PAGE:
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MORE TROOPS ARRIVE AT BOSTON-GENERALS HOWE, BURGOYNE, AND OLINTON-PROCLAMATION OF GAGE-NATURE OF THE AMERICAN ARMY -SCORNFUL CONDUCT OF THE BRITISH OFFICERS-PROJECT OF THE AMERICANS TO SEIZE UPON BREED'S HILL-PUTNAM'S OPINION OF IT— SANCTIONED BY PRESCOTT-NOCTURNAL MARCH OF THE DETACHMENT
—FORTIFYING OF BUNKER'S HILL-BREAK OF DAY, AND ASTONISHMENT
OF THE ENEMY.
WHILE Congress had been deliberating on the adoption of the army, and the nomination of a commander-inchief, events had been thickening and drawing to a crisis in the excited region about Boston. The provincial troops which blockaded the town prevented supplies by land, the neighboring country refused to furnish them by water; fresh provisions and vegetables were no longer to be procured, and Boston began to experience the privations of a besieged city.
On the 25th of May, arrived ships of war and transports from England, bringing large reinforcements, under Generals Howe, Burgoyne, and Henry Clinton, commanders of high reputation.
As the ships entered the harbor, and the "rebel camp" was pointed out, ten thousand yeomanry beleaguering a town garrisoned by five thousand regulars, Burgoyne could not restrain a burst of surprise and
scorn. "What!" cried he, "ten thousand peasants keep five thousand king's troops shut up! Well, let us get in, and we'll soon find elbow-room."
Inspirited by these reinforcements, General Gage determined to take the field. Previously, however, in conformity to instructions from Lord Dartmouth, the head of the war department, he issued a proclamation (12th June), putting the province under martial law, threatening to treat as rebels and traitors all malcontents who should continue under arms, together with their aiders and abettors; but offering pardon to all who should lay down their arms, and return to their allegiance. From this proffered amnesty, however, John Hancock and Samuel Adams were especially excepted; their offences being pronounced "too flagitious not to meet with condign punishment."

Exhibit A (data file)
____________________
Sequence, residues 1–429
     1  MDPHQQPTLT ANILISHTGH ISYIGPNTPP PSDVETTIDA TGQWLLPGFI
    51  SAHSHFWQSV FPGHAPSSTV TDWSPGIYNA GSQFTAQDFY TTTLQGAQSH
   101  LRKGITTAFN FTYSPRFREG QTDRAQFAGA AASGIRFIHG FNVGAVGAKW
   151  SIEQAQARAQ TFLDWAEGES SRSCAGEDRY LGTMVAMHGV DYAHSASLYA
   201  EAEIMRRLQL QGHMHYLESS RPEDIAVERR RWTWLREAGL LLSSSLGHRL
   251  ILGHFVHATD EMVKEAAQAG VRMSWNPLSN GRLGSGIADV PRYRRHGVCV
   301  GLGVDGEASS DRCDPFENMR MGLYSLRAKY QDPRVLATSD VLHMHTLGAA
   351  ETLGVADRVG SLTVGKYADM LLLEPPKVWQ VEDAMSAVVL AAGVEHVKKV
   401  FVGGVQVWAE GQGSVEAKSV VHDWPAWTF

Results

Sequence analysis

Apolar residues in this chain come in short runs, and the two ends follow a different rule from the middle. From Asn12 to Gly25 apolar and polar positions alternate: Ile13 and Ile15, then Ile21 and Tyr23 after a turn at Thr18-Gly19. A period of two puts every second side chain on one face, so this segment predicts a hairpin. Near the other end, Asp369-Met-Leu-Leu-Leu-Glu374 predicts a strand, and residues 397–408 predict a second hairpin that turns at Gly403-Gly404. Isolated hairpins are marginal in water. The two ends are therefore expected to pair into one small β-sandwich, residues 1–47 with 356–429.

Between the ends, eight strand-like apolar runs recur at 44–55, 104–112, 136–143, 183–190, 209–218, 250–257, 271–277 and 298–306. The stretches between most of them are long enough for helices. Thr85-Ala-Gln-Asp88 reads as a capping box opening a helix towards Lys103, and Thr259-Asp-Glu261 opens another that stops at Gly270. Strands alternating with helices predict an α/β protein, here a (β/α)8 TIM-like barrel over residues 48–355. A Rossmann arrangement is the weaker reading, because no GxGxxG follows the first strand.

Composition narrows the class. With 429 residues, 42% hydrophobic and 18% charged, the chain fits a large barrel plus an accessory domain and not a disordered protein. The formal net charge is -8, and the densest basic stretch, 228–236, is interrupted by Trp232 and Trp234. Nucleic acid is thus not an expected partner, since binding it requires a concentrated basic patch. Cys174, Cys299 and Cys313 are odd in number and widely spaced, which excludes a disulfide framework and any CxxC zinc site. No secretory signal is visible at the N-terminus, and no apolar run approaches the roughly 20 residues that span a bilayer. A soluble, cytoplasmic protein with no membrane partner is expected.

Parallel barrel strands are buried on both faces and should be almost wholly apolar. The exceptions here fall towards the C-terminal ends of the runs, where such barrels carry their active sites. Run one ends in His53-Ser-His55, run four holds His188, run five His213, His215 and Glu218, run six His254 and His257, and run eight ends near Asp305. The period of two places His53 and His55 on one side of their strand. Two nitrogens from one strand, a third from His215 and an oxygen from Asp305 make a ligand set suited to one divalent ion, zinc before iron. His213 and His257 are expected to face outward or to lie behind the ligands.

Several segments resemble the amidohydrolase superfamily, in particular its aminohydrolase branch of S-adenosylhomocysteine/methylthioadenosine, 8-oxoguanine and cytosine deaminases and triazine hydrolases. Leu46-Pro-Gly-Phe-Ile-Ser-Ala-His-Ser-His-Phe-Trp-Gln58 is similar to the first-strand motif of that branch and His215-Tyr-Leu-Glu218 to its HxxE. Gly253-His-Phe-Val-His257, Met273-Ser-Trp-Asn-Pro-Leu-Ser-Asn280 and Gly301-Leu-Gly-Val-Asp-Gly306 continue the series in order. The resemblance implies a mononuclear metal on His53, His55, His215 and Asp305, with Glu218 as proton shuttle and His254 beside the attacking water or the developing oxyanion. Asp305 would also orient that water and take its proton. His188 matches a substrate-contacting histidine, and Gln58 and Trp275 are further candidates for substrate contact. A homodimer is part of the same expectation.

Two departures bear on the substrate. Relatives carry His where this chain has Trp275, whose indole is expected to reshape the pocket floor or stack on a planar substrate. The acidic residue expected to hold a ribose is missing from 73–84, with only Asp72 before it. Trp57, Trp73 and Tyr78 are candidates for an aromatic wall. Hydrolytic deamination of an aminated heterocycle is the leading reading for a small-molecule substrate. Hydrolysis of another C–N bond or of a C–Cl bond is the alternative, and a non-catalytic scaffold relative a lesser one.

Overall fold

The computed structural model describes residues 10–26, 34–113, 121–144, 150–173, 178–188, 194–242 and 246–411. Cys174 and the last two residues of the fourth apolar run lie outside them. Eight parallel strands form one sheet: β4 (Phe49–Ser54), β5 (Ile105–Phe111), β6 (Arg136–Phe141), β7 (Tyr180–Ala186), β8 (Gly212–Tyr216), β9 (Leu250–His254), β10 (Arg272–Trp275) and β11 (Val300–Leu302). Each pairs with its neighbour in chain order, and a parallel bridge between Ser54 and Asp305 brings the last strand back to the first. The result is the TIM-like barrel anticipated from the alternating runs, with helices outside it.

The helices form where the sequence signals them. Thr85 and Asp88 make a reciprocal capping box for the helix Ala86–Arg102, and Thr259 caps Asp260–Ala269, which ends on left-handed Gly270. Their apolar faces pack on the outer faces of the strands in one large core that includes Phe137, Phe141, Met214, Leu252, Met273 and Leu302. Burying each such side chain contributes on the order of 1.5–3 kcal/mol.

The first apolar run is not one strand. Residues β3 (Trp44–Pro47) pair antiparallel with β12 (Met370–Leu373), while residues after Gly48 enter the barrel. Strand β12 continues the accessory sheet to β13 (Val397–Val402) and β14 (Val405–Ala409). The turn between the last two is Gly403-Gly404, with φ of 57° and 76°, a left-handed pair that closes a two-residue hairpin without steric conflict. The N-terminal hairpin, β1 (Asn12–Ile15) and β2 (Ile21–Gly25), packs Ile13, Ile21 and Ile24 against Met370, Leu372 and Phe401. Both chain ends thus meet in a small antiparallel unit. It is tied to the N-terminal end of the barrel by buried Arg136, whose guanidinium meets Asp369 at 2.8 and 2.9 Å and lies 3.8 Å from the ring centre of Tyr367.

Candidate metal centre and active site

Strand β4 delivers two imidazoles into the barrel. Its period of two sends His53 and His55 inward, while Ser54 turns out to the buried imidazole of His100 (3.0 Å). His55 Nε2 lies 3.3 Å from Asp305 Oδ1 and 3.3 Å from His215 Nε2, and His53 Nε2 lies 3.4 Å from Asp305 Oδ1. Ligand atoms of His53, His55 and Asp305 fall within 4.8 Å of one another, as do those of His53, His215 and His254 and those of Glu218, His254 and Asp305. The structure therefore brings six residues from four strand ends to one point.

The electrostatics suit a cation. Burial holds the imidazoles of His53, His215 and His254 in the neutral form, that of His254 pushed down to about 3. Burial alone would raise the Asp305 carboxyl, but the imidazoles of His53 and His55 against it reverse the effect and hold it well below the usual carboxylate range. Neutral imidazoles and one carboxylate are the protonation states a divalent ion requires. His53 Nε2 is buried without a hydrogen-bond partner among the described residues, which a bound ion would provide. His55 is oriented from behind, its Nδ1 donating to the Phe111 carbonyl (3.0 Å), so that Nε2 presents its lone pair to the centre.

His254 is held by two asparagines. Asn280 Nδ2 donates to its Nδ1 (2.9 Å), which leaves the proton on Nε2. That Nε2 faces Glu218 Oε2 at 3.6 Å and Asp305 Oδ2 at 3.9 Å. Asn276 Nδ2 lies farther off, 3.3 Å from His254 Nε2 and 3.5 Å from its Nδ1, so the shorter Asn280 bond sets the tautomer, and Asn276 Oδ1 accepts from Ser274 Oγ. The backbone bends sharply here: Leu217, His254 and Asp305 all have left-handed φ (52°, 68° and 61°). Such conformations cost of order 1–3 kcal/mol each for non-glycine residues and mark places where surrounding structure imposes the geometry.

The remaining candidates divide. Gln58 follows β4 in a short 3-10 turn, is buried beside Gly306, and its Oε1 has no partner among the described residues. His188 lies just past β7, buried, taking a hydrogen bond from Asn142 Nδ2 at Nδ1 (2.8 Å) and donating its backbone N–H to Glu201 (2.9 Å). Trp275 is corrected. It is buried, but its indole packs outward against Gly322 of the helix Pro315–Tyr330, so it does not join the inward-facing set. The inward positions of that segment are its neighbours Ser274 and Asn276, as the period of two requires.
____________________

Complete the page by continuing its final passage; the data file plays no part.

This proclamation only served to put the patriots on the alert against such measures as might be expected to follow, and of which their friends in Boston stood ready to apprise them. The besieging force, in the mean time, was daily augmented by recruits and volunteers, and now amounted to about fifteen thousand men distributed at various points. Its character and organization were peculiar. As has well been observed, it could not be called a national army, for, as yet, there was no nation to own it; it was not under the authority of the Continental Congress, the act of that body recognizing it not having as yet been passed, and the authority of that body itself not having been acknowledged. It was, in fact, a fortuitous assemblage of four distinct bodies of troops, belonging to different provinces, and each having a leader of its own election.